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Ecosystem service flows from a migratory species: Spatial subsidies of the northern pintail

Overview of attention for article published in Ambio: A Journal of the Human Environment, April 2018
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About this Attention Score

  • In the top 25% of all research outputs scored by Altmetric
  • Good Attention Score compared to outputs of the same age (72nd percentile)
  • Average Attention Score compared to outputs of the same age and source

Mentioned by

twitter
9 tweeters
facebook
2 Facebook pages

Citations

dimensions_citation
17 Dimensions

Readers on

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50 Mendeley
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Title
Ecosystem service flows from a migratory species: Spatial subsidies of the northern pintail
Published in
Ambio: A Journal of the Human Environment, April 2018
DOI 10.1007/s13280-018-1049-4
Pubmed ID
Authors

Kenneth J. Bagstad, Darius J. Semmens, James E. Diffendorfer, Brady J. Mattsson, James Dubovsky, Wayne E. Thogmartin, Ruscena Wiederholt, John Loomis, Joanna A. Bieri, Christine Sample, Joshua Goldstein, Laura López-Hoffman

Abstract

Migratory species provide important benefits to society, but their cross-border conservation poses serious challenges. By quantifying the economic value of ecosystem services (ESs) provided across a species' range and ecological data on a species' habitat dependence, we estimate spatial subsidies-how different regions support ESs provided by a species across its range. We illustrate this method for migratory northern pintail ducks in North America. Pintails support over $101 million USD annually in recreational hunting and viewing and subsistence hunting in the U.S. and Canada. Pintail breeding regions provide nearly $30 million in subsidies to wintering regions, with the "Prairie Pothole" region supplying over $24 million in annual benefits to other regions. This information can be used to inform conservation funding allocation among migratory regions and nations on which the pintail depends. We thus illustrate a transferrable method to quantify migratory species-derived ESs and provide information to aid in their transboundary conservation.

Twitter Demographics

The data shown below were collected from the profiles of 9 tweeters who shared this research output. Click here to find out more about how the information was compiled.

Mendeley readers

The data shown below were compiled from readership statistics for 50 Mendeley readers of this research output. Click here to see the associated Mendeley record.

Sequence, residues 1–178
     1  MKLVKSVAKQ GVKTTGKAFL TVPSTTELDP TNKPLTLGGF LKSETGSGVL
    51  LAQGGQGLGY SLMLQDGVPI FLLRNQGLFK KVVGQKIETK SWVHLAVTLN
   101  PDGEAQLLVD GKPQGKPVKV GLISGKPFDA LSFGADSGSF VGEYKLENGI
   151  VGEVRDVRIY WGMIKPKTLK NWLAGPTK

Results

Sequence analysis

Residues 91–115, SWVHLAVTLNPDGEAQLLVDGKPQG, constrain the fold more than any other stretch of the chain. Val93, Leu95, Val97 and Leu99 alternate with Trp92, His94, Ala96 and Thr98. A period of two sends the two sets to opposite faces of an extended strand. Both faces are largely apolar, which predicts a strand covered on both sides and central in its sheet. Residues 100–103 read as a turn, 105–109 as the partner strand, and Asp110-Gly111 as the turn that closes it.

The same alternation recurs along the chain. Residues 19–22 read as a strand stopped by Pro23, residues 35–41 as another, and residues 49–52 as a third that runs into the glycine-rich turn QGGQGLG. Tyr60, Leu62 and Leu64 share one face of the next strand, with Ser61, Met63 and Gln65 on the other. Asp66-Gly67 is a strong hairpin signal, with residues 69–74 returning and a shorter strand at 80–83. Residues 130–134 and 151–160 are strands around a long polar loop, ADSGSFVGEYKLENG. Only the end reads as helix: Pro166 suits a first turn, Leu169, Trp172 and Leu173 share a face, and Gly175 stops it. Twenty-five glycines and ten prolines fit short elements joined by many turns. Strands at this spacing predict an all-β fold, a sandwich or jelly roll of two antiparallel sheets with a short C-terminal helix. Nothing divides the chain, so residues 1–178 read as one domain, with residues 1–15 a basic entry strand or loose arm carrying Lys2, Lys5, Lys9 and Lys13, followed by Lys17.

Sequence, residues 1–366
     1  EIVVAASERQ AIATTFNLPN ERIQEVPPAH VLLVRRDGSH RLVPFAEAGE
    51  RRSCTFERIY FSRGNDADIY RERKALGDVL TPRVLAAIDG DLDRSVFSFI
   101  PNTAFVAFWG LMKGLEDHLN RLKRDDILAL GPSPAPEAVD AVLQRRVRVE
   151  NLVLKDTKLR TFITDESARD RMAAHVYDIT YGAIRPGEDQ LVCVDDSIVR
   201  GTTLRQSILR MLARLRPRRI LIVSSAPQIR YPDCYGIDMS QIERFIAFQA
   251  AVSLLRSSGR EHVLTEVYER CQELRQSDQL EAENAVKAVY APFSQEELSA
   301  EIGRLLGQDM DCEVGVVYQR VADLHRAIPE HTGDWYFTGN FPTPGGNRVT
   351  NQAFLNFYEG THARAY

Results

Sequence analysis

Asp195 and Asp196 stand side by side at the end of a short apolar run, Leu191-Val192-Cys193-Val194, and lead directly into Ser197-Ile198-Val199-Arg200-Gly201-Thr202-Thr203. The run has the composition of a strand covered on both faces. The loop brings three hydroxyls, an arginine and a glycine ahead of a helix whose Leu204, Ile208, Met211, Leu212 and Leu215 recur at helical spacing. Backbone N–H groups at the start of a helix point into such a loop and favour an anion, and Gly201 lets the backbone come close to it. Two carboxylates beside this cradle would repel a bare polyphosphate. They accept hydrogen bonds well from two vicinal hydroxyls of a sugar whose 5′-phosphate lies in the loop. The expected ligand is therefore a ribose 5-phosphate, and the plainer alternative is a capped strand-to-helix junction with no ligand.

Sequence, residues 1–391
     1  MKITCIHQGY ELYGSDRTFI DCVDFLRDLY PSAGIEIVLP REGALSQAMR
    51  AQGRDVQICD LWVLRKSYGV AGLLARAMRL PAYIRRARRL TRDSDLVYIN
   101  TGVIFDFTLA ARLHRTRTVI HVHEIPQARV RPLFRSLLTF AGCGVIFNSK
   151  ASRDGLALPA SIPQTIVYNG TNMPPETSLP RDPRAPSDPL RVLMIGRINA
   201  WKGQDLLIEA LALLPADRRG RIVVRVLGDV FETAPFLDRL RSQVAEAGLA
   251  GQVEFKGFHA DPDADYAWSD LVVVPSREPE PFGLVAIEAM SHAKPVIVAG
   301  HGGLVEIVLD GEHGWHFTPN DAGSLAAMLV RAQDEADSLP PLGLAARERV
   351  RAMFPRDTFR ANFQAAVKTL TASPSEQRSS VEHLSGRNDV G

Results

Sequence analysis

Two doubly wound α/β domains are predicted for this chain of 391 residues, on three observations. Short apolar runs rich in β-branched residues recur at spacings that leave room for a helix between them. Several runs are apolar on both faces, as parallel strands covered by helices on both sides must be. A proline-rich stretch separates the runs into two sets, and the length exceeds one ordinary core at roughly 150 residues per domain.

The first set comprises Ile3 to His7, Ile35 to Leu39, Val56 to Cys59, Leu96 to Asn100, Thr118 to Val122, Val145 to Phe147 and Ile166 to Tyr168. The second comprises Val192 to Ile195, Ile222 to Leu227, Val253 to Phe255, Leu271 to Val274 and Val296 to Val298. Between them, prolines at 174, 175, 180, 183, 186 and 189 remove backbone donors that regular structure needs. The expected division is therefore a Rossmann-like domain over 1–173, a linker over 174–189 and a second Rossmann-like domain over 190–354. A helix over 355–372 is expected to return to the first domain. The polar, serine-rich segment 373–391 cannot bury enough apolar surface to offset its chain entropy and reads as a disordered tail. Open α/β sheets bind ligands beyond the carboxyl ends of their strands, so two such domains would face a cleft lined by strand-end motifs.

Geographical breakdown

Country Count As %
Unknown 50 100%

Demographic breakdown

Readers by professional status Count As %
Researcher 14 28%
Student > Ph. D. Student 6 12%
Student > Bachelor 6 12%
Student > Master 5 10%
Student > Doctoral Student 4 8%
Other 5 10%
Unknown 10 20%
Readers by discipline Count As %
Environmental Science 15 30%
Agricultural and Biological Sciences 9 18%
Earth and Planetary Sciences 4 8%
Social Sciences 2 4%
Economics, Econometrics and Finance 2 4%
Other 6 12%
Unknown 12 24%

Attention Score in Context

This research output has an Altmetric Attention Score of 6. This is our high-level measure of the quality and quantity of online attention that it has received. This Attention Score, as well as the ranking and number of research outputs shown below, was calculated when the research output was last mentioned on 30 April 2018.
All research outputs
#3,420,914
of 15,033,599 outputs
Outputs from Ambio: A Journal of the Human Environment
#433
of 1,049 outputs
Outputs of similar age
#76,824
of 277,903 outputs
Outputs of similar age from Ambio: A Journal of the Human Environment
#13
of 20 outputs
Altmetric has tracked 15,033,599 research outputs across all sources so far. Compared to these this one has done well and is in the 77th percentile: it's in the top 25% of all research outputs ever tracked by Altmetric.
So far Altmetric has tracked 1,049 research outputs from this source. They typically receive a lot more attention than average, with a mean Attention Score of 10.6. This one has gotten more attention than average, scoring higher than 58% of its peers.
Older research outputs will score higher simply because they've had more time to accumulate mentions. To account for age we can compare this Altmetric Attention Score to the 277,903 tracked outputs that were published within six weeks on either side of this one in any source. This one has gotten more attention than average, scoring higher than 72% of its contemporaries.
We're also able to compare this research output to 20 others from the same source and published within six weeks on either side of this one. This one is in the 35th percentile – i.e., 35% of its contemporaries scored the same or lower than it.